Turning Data Into Insights
With the answers to your questions well in hand, the dream of data-driven recruitment marketing can become a reality. This doesn’t happen overnight, nor does it occur all by itself. Recruiters need to make sure their tracking tools are enabled on every relevant page throughout the pipeline — and that means on everything from the landing page to the thank-you message that appears after a candidate has applied. Recruiters must also ensure that, if they are hosting some of the pipeline infrastructure on their ATSs, they’re able to place the appropriate tracking codes in these ATS pages.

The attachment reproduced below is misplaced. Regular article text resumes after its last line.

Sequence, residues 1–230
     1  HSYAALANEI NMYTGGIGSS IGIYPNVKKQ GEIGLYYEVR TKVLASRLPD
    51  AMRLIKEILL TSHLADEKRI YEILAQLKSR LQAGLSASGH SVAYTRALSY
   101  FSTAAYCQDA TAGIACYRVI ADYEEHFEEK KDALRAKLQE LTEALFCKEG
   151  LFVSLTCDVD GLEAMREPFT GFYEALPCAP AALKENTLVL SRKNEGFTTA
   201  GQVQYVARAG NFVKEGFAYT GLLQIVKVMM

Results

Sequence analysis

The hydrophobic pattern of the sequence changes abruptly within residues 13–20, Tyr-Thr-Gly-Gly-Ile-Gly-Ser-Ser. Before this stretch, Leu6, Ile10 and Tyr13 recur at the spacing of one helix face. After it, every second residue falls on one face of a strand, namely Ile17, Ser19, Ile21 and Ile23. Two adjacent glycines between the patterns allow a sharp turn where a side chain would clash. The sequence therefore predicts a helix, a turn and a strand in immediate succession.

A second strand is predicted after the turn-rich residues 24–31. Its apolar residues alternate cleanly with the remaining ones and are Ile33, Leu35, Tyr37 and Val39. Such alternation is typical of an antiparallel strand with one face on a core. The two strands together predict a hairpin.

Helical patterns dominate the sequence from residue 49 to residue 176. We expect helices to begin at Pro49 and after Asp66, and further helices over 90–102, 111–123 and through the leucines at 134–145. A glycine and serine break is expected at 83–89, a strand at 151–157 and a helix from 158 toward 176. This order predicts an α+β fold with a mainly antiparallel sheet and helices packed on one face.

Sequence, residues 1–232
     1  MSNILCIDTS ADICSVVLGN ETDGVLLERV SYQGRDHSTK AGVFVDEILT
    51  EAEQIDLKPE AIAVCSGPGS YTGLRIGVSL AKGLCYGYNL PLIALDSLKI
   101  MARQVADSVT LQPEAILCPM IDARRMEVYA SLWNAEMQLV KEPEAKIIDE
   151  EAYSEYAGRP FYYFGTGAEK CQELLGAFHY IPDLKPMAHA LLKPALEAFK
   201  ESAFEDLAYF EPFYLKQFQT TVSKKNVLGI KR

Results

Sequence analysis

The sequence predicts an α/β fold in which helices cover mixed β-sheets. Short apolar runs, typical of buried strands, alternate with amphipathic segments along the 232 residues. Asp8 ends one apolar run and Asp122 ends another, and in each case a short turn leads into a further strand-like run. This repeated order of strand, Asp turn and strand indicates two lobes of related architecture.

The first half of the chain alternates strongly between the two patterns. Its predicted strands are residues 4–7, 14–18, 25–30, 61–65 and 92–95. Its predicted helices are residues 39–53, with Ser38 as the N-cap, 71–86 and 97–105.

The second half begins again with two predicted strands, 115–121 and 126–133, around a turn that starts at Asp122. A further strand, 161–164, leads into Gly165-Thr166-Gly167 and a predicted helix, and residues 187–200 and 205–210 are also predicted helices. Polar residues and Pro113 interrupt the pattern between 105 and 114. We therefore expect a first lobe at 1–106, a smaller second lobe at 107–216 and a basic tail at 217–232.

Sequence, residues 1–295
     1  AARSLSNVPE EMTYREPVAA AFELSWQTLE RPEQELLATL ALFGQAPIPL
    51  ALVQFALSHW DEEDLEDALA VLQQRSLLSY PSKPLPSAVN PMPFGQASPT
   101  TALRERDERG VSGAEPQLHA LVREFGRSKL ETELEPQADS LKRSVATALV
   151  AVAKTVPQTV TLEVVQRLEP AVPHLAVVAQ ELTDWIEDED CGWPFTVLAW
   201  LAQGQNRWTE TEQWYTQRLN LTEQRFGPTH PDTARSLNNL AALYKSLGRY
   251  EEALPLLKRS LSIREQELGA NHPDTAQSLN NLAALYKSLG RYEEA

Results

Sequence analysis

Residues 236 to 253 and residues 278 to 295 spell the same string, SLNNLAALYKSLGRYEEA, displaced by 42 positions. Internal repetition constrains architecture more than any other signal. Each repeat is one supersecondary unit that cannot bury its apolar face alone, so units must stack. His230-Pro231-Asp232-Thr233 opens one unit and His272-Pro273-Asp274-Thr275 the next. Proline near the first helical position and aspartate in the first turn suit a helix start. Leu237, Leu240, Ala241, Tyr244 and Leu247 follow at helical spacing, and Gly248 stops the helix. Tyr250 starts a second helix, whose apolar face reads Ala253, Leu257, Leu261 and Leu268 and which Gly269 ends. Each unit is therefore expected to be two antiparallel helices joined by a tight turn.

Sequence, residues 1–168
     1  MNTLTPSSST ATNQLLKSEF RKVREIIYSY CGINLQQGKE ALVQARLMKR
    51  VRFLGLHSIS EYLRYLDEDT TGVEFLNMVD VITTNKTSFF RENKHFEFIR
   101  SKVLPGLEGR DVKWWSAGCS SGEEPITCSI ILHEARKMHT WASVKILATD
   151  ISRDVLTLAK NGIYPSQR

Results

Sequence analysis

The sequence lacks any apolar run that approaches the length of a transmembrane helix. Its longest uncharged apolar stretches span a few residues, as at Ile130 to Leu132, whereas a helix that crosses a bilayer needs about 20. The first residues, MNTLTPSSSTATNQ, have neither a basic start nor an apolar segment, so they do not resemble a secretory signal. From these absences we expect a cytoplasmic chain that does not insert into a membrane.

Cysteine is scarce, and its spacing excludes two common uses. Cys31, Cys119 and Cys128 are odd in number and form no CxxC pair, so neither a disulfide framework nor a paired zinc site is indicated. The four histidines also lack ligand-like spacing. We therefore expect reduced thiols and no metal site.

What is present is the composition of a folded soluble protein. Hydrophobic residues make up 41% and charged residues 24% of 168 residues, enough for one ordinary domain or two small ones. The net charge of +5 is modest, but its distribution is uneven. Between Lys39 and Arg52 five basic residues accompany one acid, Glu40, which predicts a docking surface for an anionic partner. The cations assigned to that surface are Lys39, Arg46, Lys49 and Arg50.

With these hurdles out of the way, it is possible to visualize every step your candidates take within your applicant funnel. Then, you can begin to answer your most critical recruitment queries: How is your careers page user experience (UX) impacting applicant experience? How much time are candidates spending on each page? What factors correlate most significantly with applicants making the choice to drop out of your process?
Once you have answers to these questions, you can make changes and try again. When you look at the new numbers, you’ll be able to tell how much of an improvement your changes have made in your pipeline. More than that, you’ll be able to delight prospective hires by providing them with a battle-tested UX and carefully refined content and workflows.
The combined powers of data and analytics are causing seismic shifts in how recruitment marketing functions, and this type of basic integration with Google Analytics is just the tip of the iceberg.